Detector recycling leads NA62 to new standards
The NA62 collaboration has just installed the first eight (out of 12) Large Angle Veto detectors for the accurate identification of photons. These subdetectors will re-use 3000 lead glass crystals with attached photomultipliers from the OPAL experiment at LEP – CERN’s former accelerator. This will give a second life to the crystals and is a great opportunity for the collaboration to save money while ensuring the required performance.
One of the LAV stations is lowered into the NA62 decay volume.
The accurate identification of photons is a vital requirement of the whole NA62 physics programme. A failure in the system could lead to signals that mimic the very rare processes that the experiment is looking for, jeopardising the whole measurement. While it has not compromised on the overall performance of its detector, the NA62 collaboration has welcomed the challenge of re-using some existing equipment rather than developing new, more expensive solutions.
The thousands of lead crystals and their photomultipliers were stored in the UA1 cavern along the path of the SPS accelerator. “Although new technologies for photon identification have been developed since the crystals were used in the OPAL calorimeter, our tests confirmed that the hardware was still up to the job,” says Antonella Antonelli from Frascati Laboratories in Italy and Large Angle Veto (LAV) project leader for the NA62 collaboration.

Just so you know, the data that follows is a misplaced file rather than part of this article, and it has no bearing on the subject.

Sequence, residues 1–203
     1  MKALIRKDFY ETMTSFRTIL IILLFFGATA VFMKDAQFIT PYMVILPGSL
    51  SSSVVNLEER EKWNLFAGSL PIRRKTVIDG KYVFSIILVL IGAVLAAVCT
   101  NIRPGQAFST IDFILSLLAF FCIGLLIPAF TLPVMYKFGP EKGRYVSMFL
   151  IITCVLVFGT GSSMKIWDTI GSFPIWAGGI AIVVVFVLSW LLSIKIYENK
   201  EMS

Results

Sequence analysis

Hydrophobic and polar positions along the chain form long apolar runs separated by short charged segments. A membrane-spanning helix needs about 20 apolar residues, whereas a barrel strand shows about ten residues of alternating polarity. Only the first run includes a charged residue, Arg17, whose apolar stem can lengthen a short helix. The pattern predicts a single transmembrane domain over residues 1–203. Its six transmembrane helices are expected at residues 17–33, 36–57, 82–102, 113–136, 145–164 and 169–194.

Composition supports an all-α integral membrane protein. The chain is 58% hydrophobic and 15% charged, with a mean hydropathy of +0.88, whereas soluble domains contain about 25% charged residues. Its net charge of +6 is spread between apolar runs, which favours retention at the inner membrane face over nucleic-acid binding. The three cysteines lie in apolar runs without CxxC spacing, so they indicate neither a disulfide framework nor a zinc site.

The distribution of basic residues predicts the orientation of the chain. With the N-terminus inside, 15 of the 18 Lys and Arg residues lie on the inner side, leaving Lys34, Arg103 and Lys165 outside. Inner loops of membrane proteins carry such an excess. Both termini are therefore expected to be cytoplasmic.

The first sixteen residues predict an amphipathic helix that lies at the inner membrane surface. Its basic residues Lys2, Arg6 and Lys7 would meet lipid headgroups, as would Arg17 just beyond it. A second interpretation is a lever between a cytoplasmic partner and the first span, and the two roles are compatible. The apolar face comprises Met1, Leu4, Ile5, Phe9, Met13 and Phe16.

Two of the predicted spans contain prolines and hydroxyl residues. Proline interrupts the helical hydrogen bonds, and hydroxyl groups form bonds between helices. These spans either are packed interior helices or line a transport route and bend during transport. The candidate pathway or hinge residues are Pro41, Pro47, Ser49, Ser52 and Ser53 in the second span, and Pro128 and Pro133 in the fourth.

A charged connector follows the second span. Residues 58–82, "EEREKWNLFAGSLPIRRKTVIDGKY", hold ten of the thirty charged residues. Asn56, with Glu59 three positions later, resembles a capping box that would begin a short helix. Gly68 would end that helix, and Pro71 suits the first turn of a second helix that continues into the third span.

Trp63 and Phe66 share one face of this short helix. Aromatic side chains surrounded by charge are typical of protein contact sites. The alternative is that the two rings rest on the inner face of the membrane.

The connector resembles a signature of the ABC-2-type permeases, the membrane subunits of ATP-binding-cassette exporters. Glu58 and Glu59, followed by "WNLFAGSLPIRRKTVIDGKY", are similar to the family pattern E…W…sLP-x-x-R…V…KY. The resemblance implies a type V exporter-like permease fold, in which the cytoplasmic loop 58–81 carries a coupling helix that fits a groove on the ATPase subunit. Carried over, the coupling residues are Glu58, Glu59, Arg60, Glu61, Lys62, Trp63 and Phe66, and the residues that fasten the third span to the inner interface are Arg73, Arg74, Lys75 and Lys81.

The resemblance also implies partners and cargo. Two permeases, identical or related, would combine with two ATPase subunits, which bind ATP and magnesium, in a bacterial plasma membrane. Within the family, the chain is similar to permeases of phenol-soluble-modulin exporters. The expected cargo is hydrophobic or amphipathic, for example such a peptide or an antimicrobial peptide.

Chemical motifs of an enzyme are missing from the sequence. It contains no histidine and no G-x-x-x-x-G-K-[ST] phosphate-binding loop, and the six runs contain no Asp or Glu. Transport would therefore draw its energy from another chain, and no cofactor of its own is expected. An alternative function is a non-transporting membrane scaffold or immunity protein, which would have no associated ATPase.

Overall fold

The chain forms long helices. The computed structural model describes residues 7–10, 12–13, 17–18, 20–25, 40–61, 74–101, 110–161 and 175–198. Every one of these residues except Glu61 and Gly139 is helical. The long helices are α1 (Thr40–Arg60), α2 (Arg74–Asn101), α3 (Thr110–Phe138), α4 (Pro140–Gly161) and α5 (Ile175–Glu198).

The 3000 modules (i.e. a crystal plus a photomultiplier) were tested, some mechanical parts were cleaned using an ultrasonic technique, and new front-end electronics were designed and implemented. Once ready (again) to provide precise information on photons interacting along the decay volume of the experiment, the modules were installed in rings in cylindrical “stations”. In total, the design of the NA62 detector comprises 12 LAV stations distributed along the decay volume, spaced 6 m apart in the upstream region and up to 20 m apart in the station furthest downstream. “So far we have installed eight stations. A ninth station is ready but we will wait for the remaining three before installing all of them in one go next year,” says Antonella Antonelli.
The former OPAL crystals suffered two serious accidents – a flood at CERN and a heavy snowfall during transportation from Italy to Geneva – that seriously damaged part of the modules. But the whole project survived and the rescued crystals will live again in cutting-edge experimental research. Sustainability… yes, physicists need it too!
by Antonella Del Rosso